Thomas Adams (May 4, 1818-February 7, 1905) was an American inventor. In 1871, he patented a machine that could mass produce chewing gum from chicle. Adams later worked with businessman William Wrigley, Jr. to establish the American Chicle Company, which experienced great success in the chewing gum industry.
Fast Facts: Thomas Adams
- Known For: Adams was an American inventor who founded the chewing gum industry.
- Born: May 4, 1818 in New York City
- Died: February 7, 1905 in New York City
Thomas Adams was born on May 4, 1818, in New York City. There is little recorded information about his early life; however, it is known that he dabbled in various trades-including glassmaking-before eventually becoming a photographer.
Experiments With Chicle
During the 1850s, Adams was living in New York and working as a secretary for Antonio de Santa Anna. The Mexican general was in exile, living with Adams in his Staten Island home. Adams noticed that Santa Anna liked to chew the gum of the Manilkara tree, which was known as chicle. Such natural products had been used as chewing gum for thousands of years by groups such as the ancient Egyptians, Greeks, and Aztecs. In North America, chewing gum had long been used by Native Americans, from whom British settlers eventually adopted the practice. Later, businessman and inventor John B. Curtis became the first person to sell gum commercially. His gum was made from sweetened paraffin wax.
It was Santa Anna who suggested that the unsuccessful but inventive photographer Adams experiment with chicle from Mexico. Santa Anna felt that chicle could be used to make a synthetic rubber tire. Santa Anna had friends in Mexico who would be able to supply the product cheaply to Adams.
Before making chewing gum, Thomas Adams first tried to turn chicle into synthetic rubber products. At the time, natural rubber was expensive; a synthetic alternative would have been extremely useful to many manufacturers and would have guaranteed its inventor great wealth. Adams attempted to make toys, masks, rain boots, and bicycle tires out of the chicle from Mexican sapodilla trees, but every experiment failed.
Adams became disheartened by his failure to use chicle as a rubber substitute. He felt he had wasted about a year's worth of work. One day, Adams noticed a girl buying White Mountain paraffin wax chewing gum for a penny at the corner drugstore. He recalled that chicle was used as chewing gum in Mexico and thought this would be a way to use his surplus chicle. According to a 1944 speech given by Adams' grandson Horatio at a banquet for the American Chicle Company, Adams proposed to prepare an experimental batch, which the pharmacist at the drugstore agreed to sample.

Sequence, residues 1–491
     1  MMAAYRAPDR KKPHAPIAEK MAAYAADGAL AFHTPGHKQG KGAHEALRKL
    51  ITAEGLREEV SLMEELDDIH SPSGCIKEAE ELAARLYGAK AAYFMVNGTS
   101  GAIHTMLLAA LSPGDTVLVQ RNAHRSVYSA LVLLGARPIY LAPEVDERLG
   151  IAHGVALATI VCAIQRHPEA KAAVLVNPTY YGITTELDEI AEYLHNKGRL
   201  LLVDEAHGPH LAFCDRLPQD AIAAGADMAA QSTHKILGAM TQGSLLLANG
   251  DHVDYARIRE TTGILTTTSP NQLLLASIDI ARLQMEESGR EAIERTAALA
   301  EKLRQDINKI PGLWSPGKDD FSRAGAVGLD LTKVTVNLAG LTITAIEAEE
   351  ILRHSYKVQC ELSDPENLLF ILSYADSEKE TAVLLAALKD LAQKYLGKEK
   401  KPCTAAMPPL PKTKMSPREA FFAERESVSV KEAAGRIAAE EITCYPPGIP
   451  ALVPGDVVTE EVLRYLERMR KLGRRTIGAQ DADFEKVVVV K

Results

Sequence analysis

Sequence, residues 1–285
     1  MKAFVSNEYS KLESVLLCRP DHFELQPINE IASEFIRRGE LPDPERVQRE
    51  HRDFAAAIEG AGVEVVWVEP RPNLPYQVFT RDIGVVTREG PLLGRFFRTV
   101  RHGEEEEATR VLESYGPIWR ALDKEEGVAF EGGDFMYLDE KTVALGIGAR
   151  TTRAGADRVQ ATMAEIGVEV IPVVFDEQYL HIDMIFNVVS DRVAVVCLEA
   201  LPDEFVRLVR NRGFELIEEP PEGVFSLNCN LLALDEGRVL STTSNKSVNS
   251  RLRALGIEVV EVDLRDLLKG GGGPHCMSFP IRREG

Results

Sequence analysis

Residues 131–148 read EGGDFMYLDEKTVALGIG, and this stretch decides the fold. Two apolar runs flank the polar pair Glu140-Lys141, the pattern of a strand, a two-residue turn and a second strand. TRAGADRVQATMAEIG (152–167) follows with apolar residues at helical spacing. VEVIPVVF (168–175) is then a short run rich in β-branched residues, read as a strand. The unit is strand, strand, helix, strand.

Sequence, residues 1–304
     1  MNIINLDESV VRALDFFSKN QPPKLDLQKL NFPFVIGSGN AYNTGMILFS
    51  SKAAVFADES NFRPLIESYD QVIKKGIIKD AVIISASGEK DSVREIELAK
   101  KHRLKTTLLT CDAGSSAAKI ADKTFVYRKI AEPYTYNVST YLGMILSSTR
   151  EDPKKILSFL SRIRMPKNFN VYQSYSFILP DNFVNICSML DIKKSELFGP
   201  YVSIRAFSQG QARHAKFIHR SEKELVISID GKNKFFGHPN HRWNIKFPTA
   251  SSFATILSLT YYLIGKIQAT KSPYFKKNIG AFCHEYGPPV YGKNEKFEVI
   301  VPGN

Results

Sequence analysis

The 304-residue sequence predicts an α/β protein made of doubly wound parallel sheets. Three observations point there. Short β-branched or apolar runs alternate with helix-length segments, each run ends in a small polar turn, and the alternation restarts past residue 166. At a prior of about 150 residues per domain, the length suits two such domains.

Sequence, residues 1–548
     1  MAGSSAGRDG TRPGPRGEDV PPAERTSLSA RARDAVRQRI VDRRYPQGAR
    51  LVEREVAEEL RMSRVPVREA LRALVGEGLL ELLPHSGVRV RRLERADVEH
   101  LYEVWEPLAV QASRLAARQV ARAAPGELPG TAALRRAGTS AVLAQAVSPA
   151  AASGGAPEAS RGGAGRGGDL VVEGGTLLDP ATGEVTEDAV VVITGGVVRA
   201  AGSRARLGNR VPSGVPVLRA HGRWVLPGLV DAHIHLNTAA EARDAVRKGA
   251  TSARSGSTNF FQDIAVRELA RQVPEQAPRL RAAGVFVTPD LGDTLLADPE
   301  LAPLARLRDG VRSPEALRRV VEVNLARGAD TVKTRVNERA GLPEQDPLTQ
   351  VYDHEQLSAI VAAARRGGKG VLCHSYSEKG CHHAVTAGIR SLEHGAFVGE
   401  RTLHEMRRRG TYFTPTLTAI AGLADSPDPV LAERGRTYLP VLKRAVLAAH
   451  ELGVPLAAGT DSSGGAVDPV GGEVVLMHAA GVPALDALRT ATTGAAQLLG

Adams came home from the meeting and told his son Thomas Jr. about his idea. His son, excited by the proposition, suggested that the two manufacture several boxes of chicle chewing gum and give the product a name and a label. Thomas Jr. was a salesman (he sold tailoring supplies and sometimes traveled as far west as the Mississippi River), and he offered to take the chewing gum on his next trip to see if he could sell it.
In 1869, Adams was inspired to turn his surplus stock into chewing gum by adding flavoring to the chicle. Shortly after, he opened the world's first chewing gum factory. In February 1871, Adams New York Gum went on sale in drug stores for a penny a piece. The gumballs came in wrappers of different colors in a box with a picture of New York's City Hall on the cover. The venture was such a success that Adams was driven to design a machine that could mass-produce the gum, allowing him to fill larger orders. He received a patent for this device in 1871.
According to "The Encyclopedia of New York City," Adams sold his original gum with the slogan "Adams' New York Gum No. 1 - Snapping and Stretching." In 1888, a new Adams chewing gum called Tutti-Frutti became the first gum to be sold in a vending machine. The machines were located in New York City subway stations and also sold other varieties of Adams gum. Adams' products proved to be very popular, much more so than the existing gum products on the market, and he quickly dominated his competitors. His company debuted "Black Jack" (a licorice-flavored gum) in 1884 and Chiclets (named after chicle) in 1899.
Adams merged his company with other gum manufacturers from the United States and Canada in 1899 to form the American Chicle Company, of which he was the first chairman. Other companies that merged into it included W.J. White and Son, Beeman Chemical Company, Kisme Gum, and S.T. Briton. The rising popularity of chewing gum in the decades that followed led scientists to develop new synthetic versions; nevertheless, some old-fashioned chicle varieties are still manufactured and sold today.
Adams eventually stepped down from his leadership position at the American Chicle Company, though he remained on the board of directors into his late 80s. He died on February 7, 1905, in New York.
Adams was not the inventor of chewing gum. Nevertheless, his invention of a device for mass producing chewing gum, along with his efforts to promote it, gave birth to the chewing gum industry in the United States. One of his products-Chiclets, first introduced in 1900-is still sold around the world today. In 2018, chewing gum sales totaled about $4 billion in the United States.
The American Chicle Company was purchased by a pharmaceutical company in 1962. In 1997, the company was renamed Adams in honor of its founder; it is currently owned by the confectionery conglomerate Cadbury, which is based in England.
- Dulken, Stephen Van. "American Inventions: a History of Curious, Extraordinary, and Just Plain Useful Patents." New York University Press, 2004.
- McCarthy, Meghan. "Pop!: The Invention of Bubble Gum." Simon & Schuster, 2010.
- Segrave, Kerry. "Chewing Gum in America, 1850-1920: the Rise of an Industry." McFarland & Co., 2015.